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Thursday, November 10, 2011

{Shot in the Arm}

Attending the Business of Brides, the Association of Bridal Consultants' annual conference, is often referred to by experienced planners as getting a "shot in the arm."  Those of us who have been around a while may not come home with tons of new information, but usually return with a reinvigorated passion for our industry.  How many times have you felt bored or even angry with your profession?  In the emotionally-draining work wedding planners do, it's very easy to feel beaten down and ready to change careers.  

I just returned from the fabulous Tremont Grand Plaza hotel in Baltimore (see right) where the conference was held.  I got to hear from celebrity planner Diann Valentine and magazine maven Grace Ormonde.   I learned tips for what to do if a less-than-honest new planner steals your work, picked up a few new design ideas that dazzle guests and enhance their experience, and got to hear from the true green wedding goddess (who really knows her facts), Kate Harrison of the Green Bride Guide.  In addition, I connected with all my old friends that I see year after year and met several more than can benefit my future growth. 

This was my 8th Business of Brides.  I attended my first one in 2004 just after deciding to start a wedding business.  I didn't have a name or business cards, but was welcomed with open arms into the community.  After seeing all the new Master Bridal Consultants get their designations, I was reminded about this blog and the reason for its creation.  My "Road to Master" is not only for my graduate degree, but also to become a Master Bridal of the most difficult designations to earn and most widely respected in our industry worldwide.  So, I came up with a plan that I will layout here (thus being held accountable to it):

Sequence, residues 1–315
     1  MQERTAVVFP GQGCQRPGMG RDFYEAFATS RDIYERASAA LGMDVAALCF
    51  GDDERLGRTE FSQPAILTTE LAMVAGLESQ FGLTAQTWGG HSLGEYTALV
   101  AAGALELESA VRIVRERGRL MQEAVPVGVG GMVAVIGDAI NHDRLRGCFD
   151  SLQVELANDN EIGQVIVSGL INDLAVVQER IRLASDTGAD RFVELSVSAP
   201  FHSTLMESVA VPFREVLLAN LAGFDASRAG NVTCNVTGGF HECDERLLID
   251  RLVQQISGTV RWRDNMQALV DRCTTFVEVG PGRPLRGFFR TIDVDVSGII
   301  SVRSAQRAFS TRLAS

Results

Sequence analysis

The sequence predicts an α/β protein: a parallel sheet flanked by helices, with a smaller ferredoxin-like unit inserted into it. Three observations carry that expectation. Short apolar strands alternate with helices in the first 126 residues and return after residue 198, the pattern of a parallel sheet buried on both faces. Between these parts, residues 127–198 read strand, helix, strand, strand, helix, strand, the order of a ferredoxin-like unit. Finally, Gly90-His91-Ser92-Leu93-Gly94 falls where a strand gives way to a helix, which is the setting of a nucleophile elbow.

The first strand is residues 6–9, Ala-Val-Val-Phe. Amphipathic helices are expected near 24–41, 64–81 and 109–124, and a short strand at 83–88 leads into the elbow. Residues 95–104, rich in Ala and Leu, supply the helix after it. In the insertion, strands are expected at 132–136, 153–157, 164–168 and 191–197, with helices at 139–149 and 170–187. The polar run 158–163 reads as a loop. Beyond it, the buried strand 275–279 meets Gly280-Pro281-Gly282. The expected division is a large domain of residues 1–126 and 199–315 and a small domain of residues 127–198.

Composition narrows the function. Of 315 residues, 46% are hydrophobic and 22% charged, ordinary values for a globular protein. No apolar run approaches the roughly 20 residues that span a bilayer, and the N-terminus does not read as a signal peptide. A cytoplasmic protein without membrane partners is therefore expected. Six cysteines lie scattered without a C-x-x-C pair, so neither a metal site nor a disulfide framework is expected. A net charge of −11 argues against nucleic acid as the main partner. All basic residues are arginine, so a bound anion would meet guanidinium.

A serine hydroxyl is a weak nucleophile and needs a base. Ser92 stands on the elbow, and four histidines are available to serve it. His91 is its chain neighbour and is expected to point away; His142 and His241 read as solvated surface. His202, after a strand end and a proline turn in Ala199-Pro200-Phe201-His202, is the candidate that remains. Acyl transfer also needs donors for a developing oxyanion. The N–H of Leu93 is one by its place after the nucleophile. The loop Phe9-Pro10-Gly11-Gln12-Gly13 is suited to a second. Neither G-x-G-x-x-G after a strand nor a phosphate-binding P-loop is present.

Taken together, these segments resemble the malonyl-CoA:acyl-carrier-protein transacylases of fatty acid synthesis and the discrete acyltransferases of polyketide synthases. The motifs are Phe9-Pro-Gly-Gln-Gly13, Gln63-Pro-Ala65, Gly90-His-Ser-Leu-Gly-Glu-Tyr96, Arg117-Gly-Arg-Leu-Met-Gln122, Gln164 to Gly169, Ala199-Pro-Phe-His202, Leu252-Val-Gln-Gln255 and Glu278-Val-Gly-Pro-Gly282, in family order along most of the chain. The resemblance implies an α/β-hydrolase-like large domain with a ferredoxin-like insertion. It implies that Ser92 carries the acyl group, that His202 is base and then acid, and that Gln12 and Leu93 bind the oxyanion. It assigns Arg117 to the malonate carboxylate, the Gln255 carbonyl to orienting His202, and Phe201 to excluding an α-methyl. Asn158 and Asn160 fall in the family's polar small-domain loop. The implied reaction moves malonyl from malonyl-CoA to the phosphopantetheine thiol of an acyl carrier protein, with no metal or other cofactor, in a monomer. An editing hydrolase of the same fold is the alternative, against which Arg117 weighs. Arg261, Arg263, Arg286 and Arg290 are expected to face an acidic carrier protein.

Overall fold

1. Submit seminar topics for the 2012 conference so that I might present
  2. Become Texas state coordinator (my term starts March 2012)
  3. Grow my membership in Texas
  4. Put in bid to host a future Business of Brides conference in D/FW
  5. Oh yeah, start my venue and plan fabulous weddings that I can submit with my portfolio
So, that's not so hard, right?  I told you the standards are pretty high for Master Bridal Consultants, so I gotta step up!  

The Best Medicine...

I must tell you, however, that the best medicine for rejuvenating a worn out wedding planner is the sincere appreciation of our clients.  On the Saturday just before flying out to Baltimore, I had the pleasure of coordinating a wedding in a small town outside of Austin.  It was a Tara Wilson Events-styled wedding in a beautiful backyard for one of the sweetest brides you could ever imagine (I would post pics here but you never know, it could be in a magazine soon!).  Not only was she easy-going and genuinely thankful, but she and her fiance were cute as a button and totally in love.

Just as we had set up the big "send off," I give the bride's dress one last adjustment, hand her bouquet over, and send them up the hill where guests are waiting to toss dried herbs on them.  They are walking and are about to be upon the guests when she stops, turns, and runs over to me with arms wide open.  I am embraced as she tells me how wonderful the day has been and how thankful she was to have me there.  I smile and send them up over the crest and into the barrage of herbs, but a tear comes to my eye once I am alone.  

It doesn't matter that I was on my feet for 6 hours the day before doing set up or that I had stayed up until midnight (and some the following day) assembling their favors.  It doesn't matter that we froze our fingers off at 7am that morning while setting up the tables or got splinters when moving the wood chargers.  Every ounce of energy and drop of sweat is completely justified when you have a client like that.  For all you event professionals reading this blog, may you be showered in appreciation for everything you do.  

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